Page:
Changing authors and readers and changes in the broader market affect the scholarly market (see Don Tapscott (2009)). A. Mudditt believe that tablet devices as e-readers will be a real game changer. How are these changes impacting users and readers? University presses must pay attention to end users (students and faculty) as well as authors.
What does all of this mean for scholarly publishing and communication? So much is still in flux. There aren’t clear business or product models yet. University presses are now working with competitors who weren’t previously in their market, such as Apple (with its iPad).
This talk will focus on journals: Readers’ focus has moved from issues to articles; the article is the access point, rather than the journal level or even the publisher’s portal. Does the article itself start to deconstruct? Do they evolve into something different? Articles become the center around which related objects, such as data sets, illustrations, etc., orbit, especially in sciences. There is great desire and demand for visualization, multimedia, and interactive functionality as well. Another important factor is the impact of mobile delivery – readers expect that content will come to them. One size no longer fits all – with business, distribution, delivery, and product models, so we must be willing to experiment with new models.
Publishers must think beyond the traditional containers known as journals. They must instead focus on the communities that they serve (e.g., purchasers and readers) and think beyond the constraints of traditional formats and think about how they can add value. They must rethink their roles and think about scholarly communication more broadly, including using web 2.0 (blogs, tweets, member networks) to create content through interaction. Are there new tools (such as tools to facilitate collaboration or aggregation of data) they can add that help discovery and dissemination of knowledge, as publishers? Publishers are traditionally fearful of opening their data to allow people to use it in different ways, as are authors.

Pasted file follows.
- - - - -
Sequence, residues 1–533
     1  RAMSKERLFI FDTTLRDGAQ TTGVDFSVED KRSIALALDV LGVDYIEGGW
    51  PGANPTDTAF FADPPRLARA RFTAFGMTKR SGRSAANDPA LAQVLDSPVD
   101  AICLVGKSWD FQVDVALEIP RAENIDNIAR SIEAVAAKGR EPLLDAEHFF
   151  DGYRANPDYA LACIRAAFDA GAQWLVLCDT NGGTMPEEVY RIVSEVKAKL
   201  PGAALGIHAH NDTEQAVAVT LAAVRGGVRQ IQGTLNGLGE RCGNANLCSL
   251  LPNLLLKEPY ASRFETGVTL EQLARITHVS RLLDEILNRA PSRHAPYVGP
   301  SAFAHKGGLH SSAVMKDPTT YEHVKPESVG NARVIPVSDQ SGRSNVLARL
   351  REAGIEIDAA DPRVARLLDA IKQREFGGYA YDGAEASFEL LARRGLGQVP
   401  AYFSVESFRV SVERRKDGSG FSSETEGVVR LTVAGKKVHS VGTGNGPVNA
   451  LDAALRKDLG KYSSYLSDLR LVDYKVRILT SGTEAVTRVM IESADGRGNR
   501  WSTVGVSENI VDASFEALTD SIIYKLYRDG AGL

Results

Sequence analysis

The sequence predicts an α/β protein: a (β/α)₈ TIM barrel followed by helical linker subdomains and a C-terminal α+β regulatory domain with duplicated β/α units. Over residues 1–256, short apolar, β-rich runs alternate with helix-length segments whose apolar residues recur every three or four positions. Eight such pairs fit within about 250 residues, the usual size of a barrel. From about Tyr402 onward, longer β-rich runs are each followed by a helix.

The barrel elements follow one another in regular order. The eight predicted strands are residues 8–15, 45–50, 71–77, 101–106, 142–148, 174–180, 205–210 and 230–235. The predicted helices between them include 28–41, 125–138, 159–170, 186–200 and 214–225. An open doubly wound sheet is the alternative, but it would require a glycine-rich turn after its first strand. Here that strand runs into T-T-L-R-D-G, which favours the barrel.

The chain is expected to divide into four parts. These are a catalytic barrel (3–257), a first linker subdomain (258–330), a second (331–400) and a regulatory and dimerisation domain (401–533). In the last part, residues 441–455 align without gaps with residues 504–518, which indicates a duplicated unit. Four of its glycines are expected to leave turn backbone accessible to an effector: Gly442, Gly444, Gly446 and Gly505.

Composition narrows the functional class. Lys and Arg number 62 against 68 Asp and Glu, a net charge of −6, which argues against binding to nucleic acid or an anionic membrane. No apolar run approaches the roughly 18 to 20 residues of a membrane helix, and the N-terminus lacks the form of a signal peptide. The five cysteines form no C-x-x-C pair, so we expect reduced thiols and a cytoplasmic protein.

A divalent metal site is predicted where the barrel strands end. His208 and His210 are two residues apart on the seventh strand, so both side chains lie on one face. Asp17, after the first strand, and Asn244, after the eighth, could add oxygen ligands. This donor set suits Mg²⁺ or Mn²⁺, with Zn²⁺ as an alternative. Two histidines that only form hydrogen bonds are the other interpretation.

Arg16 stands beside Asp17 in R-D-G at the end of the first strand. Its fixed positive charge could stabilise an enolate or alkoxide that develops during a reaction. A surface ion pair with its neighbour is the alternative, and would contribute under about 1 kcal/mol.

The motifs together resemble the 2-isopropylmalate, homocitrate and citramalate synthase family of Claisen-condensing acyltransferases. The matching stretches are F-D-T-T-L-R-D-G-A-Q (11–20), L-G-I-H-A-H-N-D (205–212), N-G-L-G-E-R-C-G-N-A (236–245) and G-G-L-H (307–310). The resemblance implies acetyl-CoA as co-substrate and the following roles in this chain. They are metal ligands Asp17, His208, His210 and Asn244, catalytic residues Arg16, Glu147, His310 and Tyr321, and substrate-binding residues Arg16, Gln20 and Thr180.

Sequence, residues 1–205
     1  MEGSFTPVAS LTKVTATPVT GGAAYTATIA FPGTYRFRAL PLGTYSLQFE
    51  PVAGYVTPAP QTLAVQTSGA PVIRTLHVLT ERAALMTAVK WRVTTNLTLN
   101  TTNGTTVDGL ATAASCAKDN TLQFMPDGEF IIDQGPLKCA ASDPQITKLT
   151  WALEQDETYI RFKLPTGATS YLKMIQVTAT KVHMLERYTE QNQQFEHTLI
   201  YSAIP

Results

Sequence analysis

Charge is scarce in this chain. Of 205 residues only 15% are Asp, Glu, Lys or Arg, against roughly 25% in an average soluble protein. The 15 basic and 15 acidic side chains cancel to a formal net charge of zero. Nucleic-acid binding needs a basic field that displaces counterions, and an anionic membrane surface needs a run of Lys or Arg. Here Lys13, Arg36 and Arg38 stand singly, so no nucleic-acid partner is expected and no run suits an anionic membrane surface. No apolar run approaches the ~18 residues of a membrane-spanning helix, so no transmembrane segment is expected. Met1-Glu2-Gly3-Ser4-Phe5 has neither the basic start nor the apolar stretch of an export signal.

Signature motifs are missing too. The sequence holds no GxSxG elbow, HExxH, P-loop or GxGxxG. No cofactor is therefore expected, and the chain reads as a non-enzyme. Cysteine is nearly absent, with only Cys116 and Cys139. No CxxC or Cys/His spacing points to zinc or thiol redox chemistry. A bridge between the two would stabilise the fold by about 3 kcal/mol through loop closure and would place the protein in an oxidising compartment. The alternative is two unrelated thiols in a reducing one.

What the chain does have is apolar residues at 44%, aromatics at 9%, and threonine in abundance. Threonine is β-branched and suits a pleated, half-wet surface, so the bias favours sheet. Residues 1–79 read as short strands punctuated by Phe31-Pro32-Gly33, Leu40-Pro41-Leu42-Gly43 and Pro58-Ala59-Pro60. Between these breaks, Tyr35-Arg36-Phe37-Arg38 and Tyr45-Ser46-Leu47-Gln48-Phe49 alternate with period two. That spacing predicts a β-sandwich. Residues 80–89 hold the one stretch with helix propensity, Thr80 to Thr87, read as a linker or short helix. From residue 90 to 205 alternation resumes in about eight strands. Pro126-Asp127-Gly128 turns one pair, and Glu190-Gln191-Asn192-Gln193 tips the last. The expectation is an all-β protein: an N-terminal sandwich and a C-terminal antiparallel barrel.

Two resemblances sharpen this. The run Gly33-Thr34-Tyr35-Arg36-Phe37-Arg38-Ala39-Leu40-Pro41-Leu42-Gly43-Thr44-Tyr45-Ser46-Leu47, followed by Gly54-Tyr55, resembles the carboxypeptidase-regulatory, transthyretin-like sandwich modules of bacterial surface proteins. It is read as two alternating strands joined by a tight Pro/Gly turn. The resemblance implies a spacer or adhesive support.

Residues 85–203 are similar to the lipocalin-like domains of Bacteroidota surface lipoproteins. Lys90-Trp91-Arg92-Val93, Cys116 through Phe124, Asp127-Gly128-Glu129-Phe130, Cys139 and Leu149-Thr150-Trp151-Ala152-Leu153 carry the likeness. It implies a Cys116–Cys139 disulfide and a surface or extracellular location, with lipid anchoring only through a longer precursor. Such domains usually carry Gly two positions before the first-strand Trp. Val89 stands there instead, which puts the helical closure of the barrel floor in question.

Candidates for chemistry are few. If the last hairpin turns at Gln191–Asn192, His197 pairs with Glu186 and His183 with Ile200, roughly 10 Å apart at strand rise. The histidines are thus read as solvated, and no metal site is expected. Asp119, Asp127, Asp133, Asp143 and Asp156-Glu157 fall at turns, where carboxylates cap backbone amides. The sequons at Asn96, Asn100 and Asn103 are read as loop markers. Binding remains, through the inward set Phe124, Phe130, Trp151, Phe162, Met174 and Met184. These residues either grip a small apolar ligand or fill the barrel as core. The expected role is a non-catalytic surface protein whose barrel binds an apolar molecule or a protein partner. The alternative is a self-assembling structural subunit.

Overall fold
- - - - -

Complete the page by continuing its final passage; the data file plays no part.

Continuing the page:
Some changes to watch for, in the next 4-5 years especially: Incremental change v. major disruption (Mudditt believes we’re looking at the former, but it has picked up pace), core functions remain but how they are delivered changes dramatically (change in the how more than the what, and value must be added), continuing change driven by technology (new
business & product models, new ways to enhance traditional functions, convergence and integration of products). We will also see changes in how the value of what publishers do is measured.
What challenges does a university press face as it moves into the future? Considerations include a need for a systemic understanding of scholarly communication (scholars must publish for jobs/tenure yet libraries cannot afford their monographs), editorial selectivity versus content abundance (publishers used to think of their role as selectivity but now there are other ways to access peers’ work at various points completion), evolving nature of promotion and tenure requirements (especially in the humanities – it is more work for scholars to create
experimental projects and the same is true for publishers; until tenure committees change to